Synopsis: Struggling with short-term memory loss, Gustavo has retired from his business and finds some solace in his homeland of Chile by pursuing a childhood dream - competing as a "huaso" in rodeos. Awaiting the results of tests to determine whether he has Alzheimer's, and having long professed he would end his life if it became unbearable, he begins making preparations for his death, while his family struggles to accept his decision to end his life. El Huaso explores the pivotal point in one man's life where he takes it upon himself to shape his own mortality.
-Director Carlo Guillermo Proto and Dr. Simon Hatcher of uOttawa will lead a post-screening discussion.

Portraits in a Sea of Lies (Retratos en un Mar de Mentiras)

4 Oct. 2014, 7:00 pm
Dir. Carlos Gaviria | Colombia | 2010 | 91 min | Spanish, with English sub-titles
Synopsis: Nomadic photographer Jairo (Julian Roman) and his mute cousin Marina (Paola Baldoin) are abducted by paramilitaries during a road trip to the Columbian coast to reclaim their late grandfather's land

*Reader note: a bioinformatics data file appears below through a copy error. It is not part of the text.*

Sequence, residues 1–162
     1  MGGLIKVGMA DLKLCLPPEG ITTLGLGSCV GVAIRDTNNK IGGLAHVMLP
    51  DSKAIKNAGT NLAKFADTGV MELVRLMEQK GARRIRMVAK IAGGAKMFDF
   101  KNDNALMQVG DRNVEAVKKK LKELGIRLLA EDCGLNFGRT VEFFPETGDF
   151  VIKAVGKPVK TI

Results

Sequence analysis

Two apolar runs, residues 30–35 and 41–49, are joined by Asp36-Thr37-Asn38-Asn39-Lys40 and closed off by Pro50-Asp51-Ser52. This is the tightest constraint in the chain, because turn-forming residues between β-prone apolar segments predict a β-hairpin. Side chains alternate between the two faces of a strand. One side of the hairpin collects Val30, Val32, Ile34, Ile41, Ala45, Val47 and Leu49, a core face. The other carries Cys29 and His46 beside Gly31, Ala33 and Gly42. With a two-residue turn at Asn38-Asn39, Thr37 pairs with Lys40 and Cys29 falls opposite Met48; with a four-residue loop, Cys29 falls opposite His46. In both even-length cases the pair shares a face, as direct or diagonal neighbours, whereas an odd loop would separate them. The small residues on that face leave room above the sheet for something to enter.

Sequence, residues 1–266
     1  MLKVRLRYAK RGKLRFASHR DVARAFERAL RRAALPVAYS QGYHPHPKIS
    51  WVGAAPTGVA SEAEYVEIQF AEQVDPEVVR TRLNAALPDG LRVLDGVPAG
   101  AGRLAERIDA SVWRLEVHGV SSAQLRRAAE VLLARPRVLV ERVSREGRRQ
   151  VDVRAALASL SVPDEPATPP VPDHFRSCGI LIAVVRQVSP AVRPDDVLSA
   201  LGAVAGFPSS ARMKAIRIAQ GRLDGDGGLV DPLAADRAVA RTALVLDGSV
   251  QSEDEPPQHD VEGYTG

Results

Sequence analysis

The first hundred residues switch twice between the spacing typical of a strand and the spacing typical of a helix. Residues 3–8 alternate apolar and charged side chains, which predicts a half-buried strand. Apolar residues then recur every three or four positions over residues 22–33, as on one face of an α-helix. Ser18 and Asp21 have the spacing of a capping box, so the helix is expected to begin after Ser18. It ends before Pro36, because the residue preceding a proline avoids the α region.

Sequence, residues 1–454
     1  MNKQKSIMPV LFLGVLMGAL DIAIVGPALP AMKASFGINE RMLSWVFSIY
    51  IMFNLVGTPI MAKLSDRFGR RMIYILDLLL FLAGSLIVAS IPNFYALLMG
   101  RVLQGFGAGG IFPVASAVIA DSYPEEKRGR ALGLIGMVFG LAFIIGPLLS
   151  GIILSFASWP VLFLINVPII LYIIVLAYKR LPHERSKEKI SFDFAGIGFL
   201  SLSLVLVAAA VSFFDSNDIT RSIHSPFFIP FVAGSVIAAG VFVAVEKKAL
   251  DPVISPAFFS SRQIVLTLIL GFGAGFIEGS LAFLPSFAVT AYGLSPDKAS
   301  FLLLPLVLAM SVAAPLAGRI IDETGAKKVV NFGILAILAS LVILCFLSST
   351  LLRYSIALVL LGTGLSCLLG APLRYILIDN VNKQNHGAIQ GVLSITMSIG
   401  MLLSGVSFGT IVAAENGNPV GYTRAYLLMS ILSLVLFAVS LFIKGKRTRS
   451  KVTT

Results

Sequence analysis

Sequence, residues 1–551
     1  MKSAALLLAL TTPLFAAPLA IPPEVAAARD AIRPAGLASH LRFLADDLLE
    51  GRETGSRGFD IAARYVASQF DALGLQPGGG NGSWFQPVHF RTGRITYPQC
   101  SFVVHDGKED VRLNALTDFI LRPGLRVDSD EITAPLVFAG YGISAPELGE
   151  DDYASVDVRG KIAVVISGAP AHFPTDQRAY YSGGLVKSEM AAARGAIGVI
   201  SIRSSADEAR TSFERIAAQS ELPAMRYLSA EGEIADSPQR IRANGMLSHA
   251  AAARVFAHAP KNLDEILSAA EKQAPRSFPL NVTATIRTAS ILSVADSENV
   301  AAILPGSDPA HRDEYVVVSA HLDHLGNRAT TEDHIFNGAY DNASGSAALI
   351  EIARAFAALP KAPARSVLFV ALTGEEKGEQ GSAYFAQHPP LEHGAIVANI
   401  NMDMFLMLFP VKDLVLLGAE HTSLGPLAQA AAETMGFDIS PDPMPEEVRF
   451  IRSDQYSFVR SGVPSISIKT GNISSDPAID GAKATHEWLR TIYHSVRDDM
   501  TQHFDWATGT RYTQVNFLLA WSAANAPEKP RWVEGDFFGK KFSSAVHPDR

-Winner of over 20 international festival prizes, including the City of Venice Award at the prestigious Venice Film Festival.
-Associate Professor Alberto G. Flórez-Malagón will lead a post-screening discussion.

For Those Who Can Tell No Tales (Za one koji ne mogu da govore)

4 Oct 2014, 9:15 pm
Dir. Jasmila Žbanić | Bosnia and Herzegovina | 2013 | 75 min | English and Bosnian, with English and French sub-titles
Synopsis: An Australian tourist discovers the silent legacy of wartime atrocities when she arrives in a seemingly idyllic little town on the border of Bosnia and Serbia.
-Official Selection 2013 Toronto International Film Festival
-Associate Professor Jamie Liew will lead a post-screening discussion

I Am a Girl

5 Oct 2014, 4:00 pm
Dir. Rebecca Barry | Australia | 2013 | 98 min | Khmer, French, Ewondo, Farsi, Tok Pisin, and English, with English and French sub-titles